The power of the business media: Evidence from firm-level productivity
Source of Publication
Journal of Business Finance and Accounting
We examine the impact of media coverage on firm-level productivity and find that firms with higher media coverage are associated with higher productivity. Using the launch of Barron's Online as a quasi-shock to media coverage, we document that this relationship is causal. Further exploration shows that the positive media–productivity relationship is stronger for firms with weaker governance mechanisms and for those with higher levels of information asymmetry. We also identify an increase in reputational and career concerns and a reduction in managerial shirking as channels through which media coverage affects firm-level productivity. The results are robust to alternative explanations and endogeneity concerns. Overall, our findings suggest that media coverage reduces managerial opportunism, and thus enhances resource deployment decisions.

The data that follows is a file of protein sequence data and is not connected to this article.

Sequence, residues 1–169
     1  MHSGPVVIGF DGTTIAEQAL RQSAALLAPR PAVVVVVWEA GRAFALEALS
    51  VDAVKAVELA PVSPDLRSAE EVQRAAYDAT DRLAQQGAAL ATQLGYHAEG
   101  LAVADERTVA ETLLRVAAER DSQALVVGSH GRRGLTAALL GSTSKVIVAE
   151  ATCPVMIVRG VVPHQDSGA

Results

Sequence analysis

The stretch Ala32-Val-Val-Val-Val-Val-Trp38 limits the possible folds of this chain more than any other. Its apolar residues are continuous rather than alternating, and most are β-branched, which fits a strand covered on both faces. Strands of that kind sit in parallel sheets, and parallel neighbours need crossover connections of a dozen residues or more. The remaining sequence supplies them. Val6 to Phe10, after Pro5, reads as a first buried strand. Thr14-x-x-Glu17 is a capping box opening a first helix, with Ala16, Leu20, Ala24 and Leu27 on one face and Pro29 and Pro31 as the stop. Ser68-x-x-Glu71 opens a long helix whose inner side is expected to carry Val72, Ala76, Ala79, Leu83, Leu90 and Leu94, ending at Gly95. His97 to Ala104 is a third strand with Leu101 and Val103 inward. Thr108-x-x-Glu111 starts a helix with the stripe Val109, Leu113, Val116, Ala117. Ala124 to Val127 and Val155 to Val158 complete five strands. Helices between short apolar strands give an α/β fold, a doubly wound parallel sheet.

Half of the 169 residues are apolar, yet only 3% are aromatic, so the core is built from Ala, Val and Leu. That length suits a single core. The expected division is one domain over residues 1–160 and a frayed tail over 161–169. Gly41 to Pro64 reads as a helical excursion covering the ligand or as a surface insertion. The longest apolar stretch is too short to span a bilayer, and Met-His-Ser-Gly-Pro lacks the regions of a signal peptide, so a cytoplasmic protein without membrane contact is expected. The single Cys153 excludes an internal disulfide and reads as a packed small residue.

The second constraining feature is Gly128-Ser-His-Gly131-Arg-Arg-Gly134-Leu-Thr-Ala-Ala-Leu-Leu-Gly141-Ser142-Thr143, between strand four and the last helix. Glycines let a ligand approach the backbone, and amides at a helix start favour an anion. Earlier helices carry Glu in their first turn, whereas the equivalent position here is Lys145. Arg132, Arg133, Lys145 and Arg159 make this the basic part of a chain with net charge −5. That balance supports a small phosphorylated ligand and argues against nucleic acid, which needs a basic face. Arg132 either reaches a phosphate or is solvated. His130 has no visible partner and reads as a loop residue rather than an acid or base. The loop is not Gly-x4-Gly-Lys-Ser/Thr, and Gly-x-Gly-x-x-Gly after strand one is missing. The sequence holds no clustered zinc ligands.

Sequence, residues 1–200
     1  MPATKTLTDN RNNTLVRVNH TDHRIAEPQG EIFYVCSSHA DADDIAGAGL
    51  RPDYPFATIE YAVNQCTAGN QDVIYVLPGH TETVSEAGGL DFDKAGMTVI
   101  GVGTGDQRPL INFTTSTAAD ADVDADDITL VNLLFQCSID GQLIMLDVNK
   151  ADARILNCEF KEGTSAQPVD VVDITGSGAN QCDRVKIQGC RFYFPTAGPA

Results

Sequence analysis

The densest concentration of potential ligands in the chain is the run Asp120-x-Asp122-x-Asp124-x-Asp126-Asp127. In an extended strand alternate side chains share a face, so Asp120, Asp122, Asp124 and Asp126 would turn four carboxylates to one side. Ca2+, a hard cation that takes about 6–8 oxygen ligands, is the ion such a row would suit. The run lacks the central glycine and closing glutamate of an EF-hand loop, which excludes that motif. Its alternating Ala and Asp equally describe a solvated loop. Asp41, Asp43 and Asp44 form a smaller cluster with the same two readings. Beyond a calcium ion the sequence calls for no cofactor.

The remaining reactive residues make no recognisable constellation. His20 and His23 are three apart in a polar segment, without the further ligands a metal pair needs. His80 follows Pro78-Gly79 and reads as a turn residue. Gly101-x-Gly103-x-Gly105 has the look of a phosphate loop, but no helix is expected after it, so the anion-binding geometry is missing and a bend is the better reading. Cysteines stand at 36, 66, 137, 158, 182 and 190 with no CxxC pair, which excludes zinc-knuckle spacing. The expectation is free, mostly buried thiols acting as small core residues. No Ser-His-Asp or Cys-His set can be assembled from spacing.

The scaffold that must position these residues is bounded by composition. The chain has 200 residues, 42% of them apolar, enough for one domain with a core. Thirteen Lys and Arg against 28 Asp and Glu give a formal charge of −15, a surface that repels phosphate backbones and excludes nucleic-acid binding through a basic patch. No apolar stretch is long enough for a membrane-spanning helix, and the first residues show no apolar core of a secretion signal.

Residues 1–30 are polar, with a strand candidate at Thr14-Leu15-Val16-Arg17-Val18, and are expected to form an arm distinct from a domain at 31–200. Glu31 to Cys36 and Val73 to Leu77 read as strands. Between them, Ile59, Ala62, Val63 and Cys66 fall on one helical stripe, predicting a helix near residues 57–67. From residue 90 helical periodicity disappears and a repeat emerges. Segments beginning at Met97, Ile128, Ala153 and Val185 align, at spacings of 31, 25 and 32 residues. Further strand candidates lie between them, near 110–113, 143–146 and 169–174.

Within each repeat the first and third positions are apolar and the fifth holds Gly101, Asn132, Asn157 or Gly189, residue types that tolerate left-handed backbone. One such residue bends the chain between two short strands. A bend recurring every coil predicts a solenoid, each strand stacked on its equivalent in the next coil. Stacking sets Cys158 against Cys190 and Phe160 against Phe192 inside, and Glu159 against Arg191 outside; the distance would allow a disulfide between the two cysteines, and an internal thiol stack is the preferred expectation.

CEO reputation, corporate governance, information asymmetry, media coverage, total factor productivity
Khalifa, Mariem; Sheikhbahaei, Ali; and Sualihu, Mohammed Aminu, "The power of the business media: Evidence from firm-level productivity" (2023). All Works. 5788.
Indexed in Scopus